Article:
The Ship That Never Was by Mickey Spillane (1982)
Fast moving story.
Zaftig girls and plenty of sex...
Wait. I thought this was a Mickey Spillane book. Oh. It's a Mickey Spillane Young Adult book.
The Ship That Never Was is the second of two YA books that Spillane published, both featuring Larry Damar and Josh Toomey, two friends who like to sail the waters near Josh's Caribbean island home. Their ages are never stated but they appear to be about twelve or thirteen years old. In the previous book, The Day the Sea Rolled Back, the sea around Peolle Island went out -- and stayed out, giving the boys a chance to search for a treasure that was supposed to be hidden under the tropical waters.
In this second book, the boys had been lazily sailing for about an hour when they spotted what looked like and old wreck on the open sea. Coming closer, they see that it is an old -- very old -- strange-looking boat and in it is an old man, dehydrated and nearly dead. The boat turns out to be a longboat, a type that had been used as a utility boat for British galleons centuries ago. The longboat was constructed in a way that had been abandoned many years ago and, despite the real possibility that the boat was probably built over 200 years before, it was in impossibly good condition. The name painted on the boat was H.M.S. TIGER. Stranger still was the old man who was on the boat, who spoke an unknown language and was completely unfamiliar with the modern world.
Towing the longboat back to Josh's home, where the boy's fathers awaited them, they soon found out about the the TIGER. It had been built in England in the late 18th century and its construction had been overseen by a man who was recognized as the finest shipwright in the country. But the ship seemed cursed. Numerous accidents and several deaths delayed the ship's construction and the ship soon got a reputation as a jinx. It's trial run was supposed to last three months, but the ship limped back into port after only one month -- its crew sick and injured. Cannons had blown up, water casks that leaked, forcing the men to live on rainwater, food had spoiled, the ships caulking had begun to leak, a sudden squall had strangely ripped the sails apart. Superstition about the ship grew and spread throughout England. The government was afraid to destroy the ship and crews refused to sail her. Finally the ship was repaired and fully outfitted, then was pushed out to sea with no one on board, fated to sail the Atlantic as a ghost ship until it would inevitably sink. The ship was never heard from again. Yet here was the ship's longboat. How did it get here and what had happened to the TIGER?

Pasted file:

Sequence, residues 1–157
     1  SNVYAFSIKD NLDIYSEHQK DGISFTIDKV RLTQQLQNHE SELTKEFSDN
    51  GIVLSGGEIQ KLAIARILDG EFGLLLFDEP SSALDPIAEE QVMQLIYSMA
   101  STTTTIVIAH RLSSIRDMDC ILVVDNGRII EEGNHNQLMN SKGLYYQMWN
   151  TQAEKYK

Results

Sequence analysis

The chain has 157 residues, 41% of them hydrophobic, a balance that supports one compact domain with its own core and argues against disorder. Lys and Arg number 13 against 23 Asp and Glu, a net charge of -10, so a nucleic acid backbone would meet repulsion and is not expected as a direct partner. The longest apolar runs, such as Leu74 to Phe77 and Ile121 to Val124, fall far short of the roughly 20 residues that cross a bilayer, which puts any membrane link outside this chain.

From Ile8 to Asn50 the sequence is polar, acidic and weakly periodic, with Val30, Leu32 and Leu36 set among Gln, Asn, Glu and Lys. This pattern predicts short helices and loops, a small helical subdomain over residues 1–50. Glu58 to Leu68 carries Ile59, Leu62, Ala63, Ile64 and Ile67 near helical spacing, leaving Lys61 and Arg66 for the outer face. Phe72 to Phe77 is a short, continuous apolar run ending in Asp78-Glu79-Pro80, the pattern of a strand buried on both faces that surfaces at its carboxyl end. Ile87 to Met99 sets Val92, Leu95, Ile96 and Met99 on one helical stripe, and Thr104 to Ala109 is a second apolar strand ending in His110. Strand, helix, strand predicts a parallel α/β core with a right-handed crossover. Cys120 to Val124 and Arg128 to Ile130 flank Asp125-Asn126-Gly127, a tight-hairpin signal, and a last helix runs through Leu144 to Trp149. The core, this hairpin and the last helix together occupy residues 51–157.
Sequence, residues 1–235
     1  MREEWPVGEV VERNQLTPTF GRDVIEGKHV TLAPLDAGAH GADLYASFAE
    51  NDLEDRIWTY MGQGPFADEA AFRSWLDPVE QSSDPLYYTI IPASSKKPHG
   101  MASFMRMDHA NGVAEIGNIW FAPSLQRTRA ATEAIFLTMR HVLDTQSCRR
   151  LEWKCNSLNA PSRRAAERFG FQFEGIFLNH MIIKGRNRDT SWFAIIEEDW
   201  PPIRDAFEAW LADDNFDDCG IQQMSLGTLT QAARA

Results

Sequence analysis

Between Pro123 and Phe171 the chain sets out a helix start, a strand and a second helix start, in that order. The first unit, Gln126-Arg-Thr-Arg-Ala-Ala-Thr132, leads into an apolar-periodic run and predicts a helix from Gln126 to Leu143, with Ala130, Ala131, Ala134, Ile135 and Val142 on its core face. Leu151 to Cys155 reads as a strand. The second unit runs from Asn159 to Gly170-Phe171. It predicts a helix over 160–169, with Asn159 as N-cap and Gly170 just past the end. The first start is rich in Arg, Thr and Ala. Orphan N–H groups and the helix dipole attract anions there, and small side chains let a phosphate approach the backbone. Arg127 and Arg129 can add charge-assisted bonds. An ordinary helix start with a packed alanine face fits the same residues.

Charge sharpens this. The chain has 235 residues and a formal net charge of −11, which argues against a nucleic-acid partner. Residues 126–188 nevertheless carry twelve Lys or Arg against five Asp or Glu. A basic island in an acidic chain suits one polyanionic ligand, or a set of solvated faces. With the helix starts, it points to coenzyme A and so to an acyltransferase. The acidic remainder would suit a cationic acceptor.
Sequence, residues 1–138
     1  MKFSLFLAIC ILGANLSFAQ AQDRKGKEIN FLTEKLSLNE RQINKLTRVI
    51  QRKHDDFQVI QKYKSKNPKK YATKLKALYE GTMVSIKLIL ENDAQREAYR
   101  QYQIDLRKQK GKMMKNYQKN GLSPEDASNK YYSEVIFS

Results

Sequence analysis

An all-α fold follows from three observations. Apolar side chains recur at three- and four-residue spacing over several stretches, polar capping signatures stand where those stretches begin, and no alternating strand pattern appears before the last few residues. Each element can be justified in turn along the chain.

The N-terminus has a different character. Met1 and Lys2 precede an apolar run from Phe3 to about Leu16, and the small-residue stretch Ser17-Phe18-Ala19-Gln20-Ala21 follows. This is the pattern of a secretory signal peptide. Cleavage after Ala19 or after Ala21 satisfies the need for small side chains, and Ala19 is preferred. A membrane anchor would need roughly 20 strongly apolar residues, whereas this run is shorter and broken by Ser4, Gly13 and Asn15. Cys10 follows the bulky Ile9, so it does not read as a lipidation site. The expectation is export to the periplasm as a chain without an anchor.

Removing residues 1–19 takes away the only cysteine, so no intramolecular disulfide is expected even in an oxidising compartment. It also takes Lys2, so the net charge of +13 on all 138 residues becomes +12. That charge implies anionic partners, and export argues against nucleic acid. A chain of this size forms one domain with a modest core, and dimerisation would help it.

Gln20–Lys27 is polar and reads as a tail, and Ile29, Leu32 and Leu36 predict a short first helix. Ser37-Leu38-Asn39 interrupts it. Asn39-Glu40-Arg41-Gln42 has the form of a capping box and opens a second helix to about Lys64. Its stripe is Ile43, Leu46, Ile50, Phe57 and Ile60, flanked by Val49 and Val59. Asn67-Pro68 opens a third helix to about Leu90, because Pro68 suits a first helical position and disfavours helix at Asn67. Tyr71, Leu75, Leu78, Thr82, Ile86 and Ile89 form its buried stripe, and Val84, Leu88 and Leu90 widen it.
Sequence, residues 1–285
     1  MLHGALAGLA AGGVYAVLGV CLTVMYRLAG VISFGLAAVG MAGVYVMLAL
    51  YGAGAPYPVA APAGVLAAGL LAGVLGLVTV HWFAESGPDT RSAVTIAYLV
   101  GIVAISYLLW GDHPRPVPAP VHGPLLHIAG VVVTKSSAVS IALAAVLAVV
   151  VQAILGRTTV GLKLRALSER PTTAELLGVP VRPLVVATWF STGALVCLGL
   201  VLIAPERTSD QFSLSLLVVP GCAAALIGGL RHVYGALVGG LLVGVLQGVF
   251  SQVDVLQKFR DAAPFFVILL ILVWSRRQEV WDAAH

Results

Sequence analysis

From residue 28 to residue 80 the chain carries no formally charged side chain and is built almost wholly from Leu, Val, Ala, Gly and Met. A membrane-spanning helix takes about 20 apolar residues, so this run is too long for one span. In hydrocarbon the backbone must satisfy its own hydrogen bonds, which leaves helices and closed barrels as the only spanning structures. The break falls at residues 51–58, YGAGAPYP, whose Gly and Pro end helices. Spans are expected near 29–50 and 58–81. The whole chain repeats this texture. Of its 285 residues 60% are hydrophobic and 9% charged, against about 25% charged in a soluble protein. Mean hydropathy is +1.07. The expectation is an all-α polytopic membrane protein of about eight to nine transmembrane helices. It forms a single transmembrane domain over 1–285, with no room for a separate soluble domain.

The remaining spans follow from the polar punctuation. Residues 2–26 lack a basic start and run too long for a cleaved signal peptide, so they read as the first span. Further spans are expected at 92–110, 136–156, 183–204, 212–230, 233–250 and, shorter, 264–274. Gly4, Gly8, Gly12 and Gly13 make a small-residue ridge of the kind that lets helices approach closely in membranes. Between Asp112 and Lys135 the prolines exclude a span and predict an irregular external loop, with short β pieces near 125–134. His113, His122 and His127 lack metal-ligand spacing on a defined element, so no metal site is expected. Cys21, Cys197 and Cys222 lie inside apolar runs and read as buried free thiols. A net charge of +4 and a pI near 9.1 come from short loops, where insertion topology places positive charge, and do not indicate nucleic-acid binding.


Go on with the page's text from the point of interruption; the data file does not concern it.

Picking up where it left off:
The man they rescued soon regained his health and slowly they learned his incredible story through drawings and pantomime. He came from a small island where his people, the descendants of the exiled royal court of the European country of Grandau survived hidden from the world. The royal line still continued but the population of the island was drastically shrinking. The old man had found the longboat and decided to take it out and reach the outside world, hoping that the royal documents he had with him would help place his people back in their exiled home. What the old man did not know was that, since the exile, Grandau had been ruled by a long line of brutal dictators.
And this is where Murphy's Law comes in. Somehow the dictatorship of Grandau discovered that an attempt was being made to bring the royal line back to the country. Two assassins were sent to find the island and exterminate everyone on it, as well as kill anyone who was privy to the discovery. The assassins placed a large bomb in the Toomey house, rigged to be triggered when people were there. While placing the bomb they discovered maps in the house the boys and their fathers used to determine the location of the mysterious island. Taking that information, the killers headed for the island.
In the meantime, the boys were already heading to the island, their fathers to follow a few days later once their boat had some necessary repairs done. The boys reach the island, making friends with the exiles and the one surviving royal, a twelve-year-old girl named Tila. Through a short wave radio, they learn from their fathers that men are on their way to kill everyone on the island. The boys must figure out how to defend the island without weapons. And what the boys do not know is that, following the assassins, is a submarine which intends to blow the island to pieces.
Spillane knows how to propel a story but this particular one falls a little flat. Spillane seems uncomfortable with the young adult form. The characters are little more than cardboard cutouts, with the exception of the young princess Tila, who comes across as a bit naive, a bit imperious, and a bit spunky. Most of the violence, and the one murder, is done offstage. The thrills are subdued and the settings are one-dimensional.
While many people have disdained Spillane as a writer, many others (myself included) consider Spillane to have been a talented and skilled author. I enjoyed the book but, as I read it, I couldn't help but think it could have been so much better. There's a reason that this book marked the end of Spillane's short-lived career as a YA adventure writer.